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ISIL claims responsibility for van attack in Barcelona

شعار Al Jazeera Al Jazeera 17/08/2017
إعادة تشغيل الفيديو

The Islamic State of Iraq and the Levant has claimed responsibility for a deadly van-ramming attack in one of Barcelona's busiest tourist areas.

At least 13 people were killed and 100 injured after a white van ploughed into a crowd at around 5pm local time (15:00 GMT) in the bustling Las Ramblas area, a 1.2-kilometre stretch full of shops and restaurants and usually heaving with tourists.

"The executors of the Barcelona attack were soldiers of the Islamic State," ISIL's Amaq outlet said on its Telegram messenger account, without naming those it claimed were behind the attack.

Amaq said ISIL had launched the attack in response to calls to target states taking part in the United States-led coalition battling the group in Iraq and Syria.

ISIL, also known as ISIS, has claimed several similar attacks in Europe over the past year.

The afternoon attack in the northeastern Catalan city was the country's deadliest since 2004, when al-Qaeda-inspired bombers killed 192 people in coordinated attacks on Madrid's commuter trains.

Spanish police described the event as a "terrorist attack" and arrested two people. They dismissed earlier reports of suspects holed up in a nearby bar.

One of the suspects was named by the police union as Driss Oukabir, but there were no further details and it was unclear if he was among those held.

Joaquim Forn,  Catalonia's interior minister, confirmed the death toll on Twitter.

There were fears the death toll could rise given the severity of some injuries.

At least one Belgian national - a woman - was among those killed, the country's foreign minister Didier Reynders said on Twitter.

El Pais newspaper said the driver of the vehicle had fled on foot after the attack.

It was still unclear how many attackers had been involved in the incident.

Active situation

People have been warned against travelling to Placa Catalunya.

Nafees Hamid, a witness, told Al Jazeera: "There are helicopters everywhere above and armed police are rushing into the area. Police have cordoned off Las Ramblas."

He explained by phone that most people heeded a police warning to go inside while the situation was active.

Other witnesses spoke of a scene of carnage, with bodies strewn along the boulevard as others fled for their lives.

"When it happened I ran out and saw the damage," local shop worker Xavi Perez told AFP. "There were bodies on the floor with people crowding round them. People were crying. There were lots of foreigners."

Witness Aamer Anwar told Britain's Sky News television that he was walking down Las Ramblas, which he described as "jam-packed" with tourists.

"All of a sudden, I just sort of heard a crashing noise and the whole street just started to run, screaming. I saw a woman right next to me screaming for her kids."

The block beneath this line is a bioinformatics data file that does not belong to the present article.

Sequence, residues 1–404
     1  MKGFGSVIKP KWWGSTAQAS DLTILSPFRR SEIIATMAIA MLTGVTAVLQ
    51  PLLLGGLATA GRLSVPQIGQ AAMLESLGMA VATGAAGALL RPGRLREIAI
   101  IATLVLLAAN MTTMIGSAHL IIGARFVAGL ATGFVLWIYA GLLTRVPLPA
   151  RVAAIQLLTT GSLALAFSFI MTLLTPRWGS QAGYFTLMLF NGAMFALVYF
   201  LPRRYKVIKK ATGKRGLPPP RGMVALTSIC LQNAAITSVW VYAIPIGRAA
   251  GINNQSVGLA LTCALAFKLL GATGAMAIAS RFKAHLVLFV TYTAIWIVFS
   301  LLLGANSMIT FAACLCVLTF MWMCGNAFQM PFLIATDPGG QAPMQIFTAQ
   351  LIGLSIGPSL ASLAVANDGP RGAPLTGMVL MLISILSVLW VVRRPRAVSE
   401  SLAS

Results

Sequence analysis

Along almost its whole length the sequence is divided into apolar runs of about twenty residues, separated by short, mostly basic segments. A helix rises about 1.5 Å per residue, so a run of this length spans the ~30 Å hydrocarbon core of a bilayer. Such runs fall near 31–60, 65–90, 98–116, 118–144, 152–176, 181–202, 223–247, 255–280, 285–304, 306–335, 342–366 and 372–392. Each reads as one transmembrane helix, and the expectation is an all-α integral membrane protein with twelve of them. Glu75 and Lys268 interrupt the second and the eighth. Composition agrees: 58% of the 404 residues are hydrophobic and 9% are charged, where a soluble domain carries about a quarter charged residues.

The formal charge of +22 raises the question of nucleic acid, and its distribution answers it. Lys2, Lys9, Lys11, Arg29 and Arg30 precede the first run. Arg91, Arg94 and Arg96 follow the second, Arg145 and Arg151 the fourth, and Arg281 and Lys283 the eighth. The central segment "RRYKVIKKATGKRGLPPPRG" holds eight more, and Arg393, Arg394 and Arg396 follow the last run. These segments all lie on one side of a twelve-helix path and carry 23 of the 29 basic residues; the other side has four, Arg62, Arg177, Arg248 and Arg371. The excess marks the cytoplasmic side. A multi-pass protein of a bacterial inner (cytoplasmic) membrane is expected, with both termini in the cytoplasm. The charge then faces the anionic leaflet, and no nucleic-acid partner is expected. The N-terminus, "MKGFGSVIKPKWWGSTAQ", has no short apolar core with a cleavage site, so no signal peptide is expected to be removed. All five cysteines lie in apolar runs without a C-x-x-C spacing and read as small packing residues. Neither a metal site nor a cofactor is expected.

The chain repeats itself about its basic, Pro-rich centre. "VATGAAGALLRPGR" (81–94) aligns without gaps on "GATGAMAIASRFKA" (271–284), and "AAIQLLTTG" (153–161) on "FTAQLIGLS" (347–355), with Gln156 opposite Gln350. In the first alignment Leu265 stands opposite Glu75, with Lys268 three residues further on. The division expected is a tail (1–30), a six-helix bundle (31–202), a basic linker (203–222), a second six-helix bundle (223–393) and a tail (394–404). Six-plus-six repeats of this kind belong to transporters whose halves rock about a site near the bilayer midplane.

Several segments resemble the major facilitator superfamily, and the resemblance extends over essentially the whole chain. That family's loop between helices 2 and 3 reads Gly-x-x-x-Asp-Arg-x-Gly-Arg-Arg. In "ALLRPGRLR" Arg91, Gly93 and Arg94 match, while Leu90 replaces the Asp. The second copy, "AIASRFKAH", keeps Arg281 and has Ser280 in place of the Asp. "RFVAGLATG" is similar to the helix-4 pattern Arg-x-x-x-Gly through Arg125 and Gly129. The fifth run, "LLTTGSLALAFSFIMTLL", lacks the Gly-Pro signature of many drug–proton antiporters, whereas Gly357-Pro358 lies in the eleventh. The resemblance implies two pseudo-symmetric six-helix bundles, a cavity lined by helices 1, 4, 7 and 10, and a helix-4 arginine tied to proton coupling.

Video posted to social media showed emergency services at the scene.

Spanish Prime Minister Mariano Rajoy said he was in contact with authorities, and was on his way to the city.

Emergency services asked Metro and train stations to close, according to reports.

The alleged attack took place at the height of the tourist season in Barcelona, which is one of Europe's top travel destinations with at least 11 million visitors a year.

Meanwhile, a second van linked to the attack was found in the small town of Vic in Catalonia, local authorities there said on Twitter.

Catalan police also said a driver earlier hit two officers in Barcelona, but it was unclear whether this incident was related to the early evening attack in Las Ramblas.

International condemnation

Russian President Vladimir Putin was among those who expressed his solidarity, calling for the world to unite in an "uncompromising battle against the forces of terror", the Kremlin said.

"What happened once again confirms the need for a genuine unification of efforts by the entire world community in an uncompromising battle with the forces of terror," Putin said in a telegram of condolences to Spanish King Felipe VI, describing the incident as a "cruel and cynical crime".

Secretary of State Rex Tillerson sent condolences and offered US assistance to Spanish authorities.

French President Macron expressed France's solidarity after what he termed a "tragic attack".

German Chancellor Angela Merkel described the incident as "a revolting attack".

British Prime Minister Theresa May condemned the "terrible" attack and said the UK "stands with Spain against terror." 

European Commission President Jean-Claude Juncker expressed his "profound sorrow and anguish".

Pope Francis said he was praying for the victims.

While full details of the incident were not immediately clear, since July 2016 vehicles have been used to ram into crowds in a series of attacks across Europe, killing more than 100 people in Nice, Berlin, London and Stockholm.

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